Nov 2, 2011

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Dungeon Defenders Review

Dungeon Defenders Review

Dungeon Defenders is the newest addition to the ever growing tower-defense hybrid genre. Much like Doublefine did with mech shooters in Iron Brigade (formerly Trenched), Dungeon Defenders infuses the hack-and-slash RPG with tower-defense elements, creating an experience that feels unique, yet very familiar. Trendy Entertainment has stated that they feel digital distribution deserves the same AAA treatment that retail products receive, and believe that their game Dungeon Defenders is one of the true AAA downloadable titles on Xbox LIVE. The question now is, is it?

Dungeon Defenders is a co-op title for up to four players with four classes to choose from. The Monk, Squire, Huntress and Apprentice are at your disposal, and while each may seem similar in the beginning, leveling up reveals their unique abilities and inherent strengths. Besides each classes’ different towers, characters can be as unique as players make them. Points earned from leveling up can be distributed to an assortment of stats, covering speed, strength, overall tower abilities, and other obvious areas. Characters themselves can be customized, though not as extensively as one might hope. Equipment can vary, though the only visible differences come from unique weapons or different color schemes for each hero. This doesn’t necessarily take anything away from the gameplay, but more ways to further differentiate your character would be a welcome addition in a future update.

Gameplay itself has players defending Eternia crystals by way of hacking enemies to death or creating towers to do the dirty work for them. There is an actual plot, though it’s hardly worth mentioning and can be easily skipped over. Players have their choice of around a dozen different maps, which progressively get harder with more enemies, more entrances for said enemies, and more crystals to defend. Luckily, towers can be built quite simply, and enemies drop mana by the bucketful, making it easy to beef up your defenses. There is a limited amount of tower defense units that can be used at one time, so players will have to plan accordingly. The towers themselves work well, and the variety provides many different ways for players to map out a solid defense. The slashing itself is somewhat lackluster, though, and can quickly grow repetitive. Furthermore, while levels may be different in design, aside from a few unique enemies here and there, gameplay remains largely unchanged throughout the entire experience. However, games that require grinding like this are rooted in monotony, and the appeal of higher levels and more epic loot will force players to want to continue playing. Thankfully, the gameplay itself is quite fun, so replaying levels is enjoyable and doesn’t feel like a chore. Also, there are different challenges to tackle, four difficulties, and unique ways to play each map (like towers only) to help switch things up. Throw in the fact that the game scales based on how many players are present, and you’ve got a pretty solid game all around.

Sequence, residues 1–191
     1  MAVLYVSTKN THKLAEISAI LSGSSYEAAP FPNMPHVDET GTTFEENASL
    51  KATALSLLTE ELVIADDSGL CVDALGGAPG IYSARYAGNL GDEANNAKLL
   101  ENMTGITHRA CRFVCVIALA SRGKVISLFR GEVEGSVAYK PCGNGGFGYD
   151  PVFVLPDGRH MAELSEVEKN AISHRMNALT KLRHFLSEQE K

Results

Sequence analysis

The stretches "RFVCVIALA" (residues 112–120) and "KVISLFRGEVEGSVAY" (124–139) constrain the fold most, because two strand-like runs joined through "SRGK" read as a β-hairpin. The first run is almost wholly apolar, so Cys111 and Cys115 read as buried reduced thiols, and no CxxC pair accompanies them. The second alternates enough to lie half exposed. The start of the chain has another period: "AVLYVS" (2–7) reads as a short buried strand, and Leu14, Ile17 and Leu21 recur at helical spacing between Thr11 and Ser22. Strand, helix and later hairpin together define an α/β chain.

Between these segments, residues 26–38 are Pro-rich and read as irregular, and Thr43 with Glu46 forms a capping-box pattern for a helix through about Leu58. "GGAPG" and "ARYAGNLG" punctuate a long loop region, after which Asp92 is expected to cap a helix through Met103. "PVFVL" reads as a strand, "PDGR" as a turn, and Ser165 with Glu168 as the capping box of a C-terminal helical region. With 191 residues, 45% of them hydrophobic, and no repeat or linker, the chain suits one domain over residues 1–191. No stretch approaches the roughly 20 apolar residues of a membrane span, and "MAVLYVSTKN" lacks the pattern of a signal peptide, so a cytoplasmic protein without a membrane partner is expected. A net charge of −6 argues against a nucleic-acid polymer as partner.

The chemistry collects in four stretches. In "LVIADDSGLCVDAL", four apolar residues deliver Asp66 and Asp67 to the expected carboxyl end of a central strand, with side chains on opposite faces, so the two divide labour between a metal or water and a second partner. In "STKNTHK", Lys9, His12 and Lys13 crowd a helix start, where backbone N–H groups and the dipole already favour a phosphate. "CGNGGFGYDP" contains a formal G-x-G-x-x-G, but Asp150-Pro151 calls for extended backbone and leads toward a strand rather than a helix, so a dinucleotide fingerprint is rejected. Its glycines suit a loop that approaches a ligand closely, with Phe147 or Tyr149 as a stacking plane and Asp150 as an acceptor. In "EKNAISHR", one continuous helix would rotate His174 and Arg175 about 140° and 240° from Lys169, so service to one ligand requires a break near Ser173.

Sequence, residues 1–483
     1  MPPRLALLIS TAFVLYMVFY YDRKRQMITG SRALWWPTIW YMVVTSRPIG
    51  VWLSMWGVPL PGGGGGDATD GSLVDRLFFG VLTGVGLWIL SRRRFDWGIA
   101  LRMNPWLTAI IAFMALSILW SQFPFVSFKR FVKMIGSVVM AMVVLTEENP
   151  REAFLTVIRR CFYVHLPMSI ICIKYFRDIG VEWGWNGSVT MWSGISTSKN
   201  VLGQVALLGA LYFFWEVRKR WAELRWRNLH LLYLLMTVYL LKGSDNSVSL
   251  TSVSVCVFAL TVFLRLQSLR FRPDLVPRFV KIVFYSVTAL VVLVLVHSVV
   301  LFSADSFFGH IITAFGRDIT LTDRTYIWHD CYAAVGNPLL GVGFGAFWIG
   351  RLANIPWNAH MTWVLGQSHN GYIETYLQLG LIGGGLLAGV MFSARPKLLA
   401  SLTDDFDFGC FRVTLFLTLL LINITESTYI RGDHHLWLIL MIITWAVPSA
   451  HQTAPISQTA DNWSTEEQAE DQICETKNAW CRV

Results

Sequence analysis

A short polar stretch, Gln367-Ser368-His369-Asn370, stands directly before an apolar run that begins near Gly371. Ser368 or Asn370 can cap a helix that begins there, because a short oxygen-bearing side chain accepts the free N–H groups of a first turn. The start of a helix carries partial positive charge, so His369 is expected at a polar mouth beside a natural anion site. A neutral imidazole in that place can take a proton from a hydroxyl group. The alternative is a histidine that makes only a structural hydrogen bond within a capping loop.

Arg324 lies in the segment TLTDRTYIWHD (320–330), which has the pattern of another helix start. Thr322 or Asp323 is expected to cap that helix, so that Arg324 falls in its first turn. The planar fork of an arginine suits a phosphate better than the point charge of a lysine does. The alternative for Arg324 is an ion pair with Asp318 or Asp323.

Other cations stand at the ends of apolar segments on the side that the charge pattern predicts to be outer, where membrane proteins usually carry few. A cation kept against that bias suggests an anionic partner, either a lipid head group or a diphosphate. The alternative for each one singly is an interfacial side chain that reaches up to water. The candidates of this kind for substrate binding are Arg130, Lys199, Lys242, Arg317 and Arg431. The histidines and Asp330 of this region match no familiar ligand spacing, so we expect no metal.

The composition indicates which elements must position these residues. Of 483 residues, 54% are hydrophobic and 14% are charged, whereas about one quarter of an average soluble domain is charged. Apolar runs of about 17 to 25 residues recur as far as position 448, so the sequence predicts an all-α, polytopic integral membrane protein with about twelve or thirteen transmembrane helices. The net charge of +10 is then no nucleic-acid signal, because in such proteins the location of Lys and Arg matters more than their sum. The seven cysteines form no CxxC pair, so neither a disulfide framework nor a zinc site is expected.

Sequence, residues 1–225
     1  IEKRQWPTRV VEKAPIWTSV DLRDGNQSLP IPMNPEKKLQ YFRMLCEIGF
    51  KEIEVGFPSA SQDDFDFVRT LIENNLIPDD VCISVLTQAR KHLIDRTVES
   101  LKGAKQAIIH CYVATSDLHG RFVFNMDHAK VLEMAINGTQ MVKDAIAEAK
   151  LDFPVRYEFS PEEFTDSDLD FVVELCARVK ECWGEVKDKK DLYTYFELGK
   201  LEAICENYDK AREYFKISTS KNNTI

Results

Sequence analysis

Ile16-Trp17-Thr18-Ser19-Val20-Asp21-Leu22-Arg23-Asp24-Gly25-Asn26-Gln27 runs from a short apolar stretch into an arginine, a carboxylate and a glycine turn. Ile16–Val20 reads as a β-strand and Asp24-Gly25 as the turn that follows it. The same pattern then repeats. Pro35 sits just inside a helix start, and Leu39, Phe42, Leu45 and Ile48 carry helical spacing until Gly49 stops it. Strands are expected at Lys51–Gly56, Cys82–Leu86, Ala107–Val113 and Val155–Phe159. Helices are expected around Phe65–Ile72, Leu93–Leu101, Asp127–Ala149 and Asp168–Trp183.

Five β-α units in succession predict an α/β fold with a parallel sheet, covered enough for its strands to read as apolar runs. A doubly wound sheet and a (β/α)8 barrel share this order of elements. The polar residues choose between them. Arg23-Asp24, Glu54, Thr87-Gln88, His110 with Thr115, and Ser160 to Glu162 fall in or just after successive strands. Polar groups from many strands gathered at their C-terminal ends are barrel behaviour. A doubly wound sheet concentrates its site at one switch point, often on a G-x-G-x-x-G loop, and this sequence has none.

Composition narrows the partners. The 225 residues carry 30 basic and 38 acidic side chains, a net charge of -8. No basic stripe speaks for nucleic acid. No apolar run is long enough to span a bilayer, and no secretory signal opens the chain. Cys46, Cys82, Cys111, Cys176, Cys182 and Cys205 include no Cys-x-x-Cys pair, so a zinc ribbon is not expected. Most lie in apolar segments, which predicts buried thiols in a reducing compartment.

Dungeon Defenders isn’t without its faults, though, but none seem to be game breaking. There are some areas where clipping becomes an issue, and often when an enemy bounces from an attack from a tower it can somehow glitch past it. Also, the enemy detection becomes spotty, especially with the Squire, who will often target enemies the player isn’t intending to attack. But by far the biggest issue players may have with Dungeon Defenders is solely based on how much you enjoy multiplayer. This game was designed with co-op in mind, and as such, is incredibly more fun with additional players. Flying solo can pit you against about 100 or so enemies, but toss another player into the fray and enemy totals multiply accordingly (it’s nice to note that there doesn’t ever appear to be any slowdown regardless of the incredible amount of enemies on screen at one time). Replaying levels over and over is fun with good friends, but on your own the experience is lacking and should definitely weigh in on whether you feel this game is worth purchasing.

Dungeon Defenders is a solid title that can provide numerous hours of gameplay, both fun and varied. Its tower-defense-based gameplay is very enjoyable, and its use of multiplayer produces some of the best co-op on XBLA this year. Depending on your view of multiplayer or quality of friends, I’d bump my overall score either up one point or down. This may be a perfect union of the two genres, but much like the sum of their parts, they’ve inherited many of their flaws. Though with beautiful graphics and an overall game that’s incredibly enjoyable, at $15, I’d say it’s worth a download.

Dungeon Defenders
Platform: PC, PS3. 360 (Reviewed)
Genre: Tower Defense/Action RPG
Release Date: 10/19/2011
Developer: Trendy Entertainment
Publisher: D3Publisher of America
ESRB Rating: E10+ (Everyone 10+)
MSRP: 1200 MSP/$14.99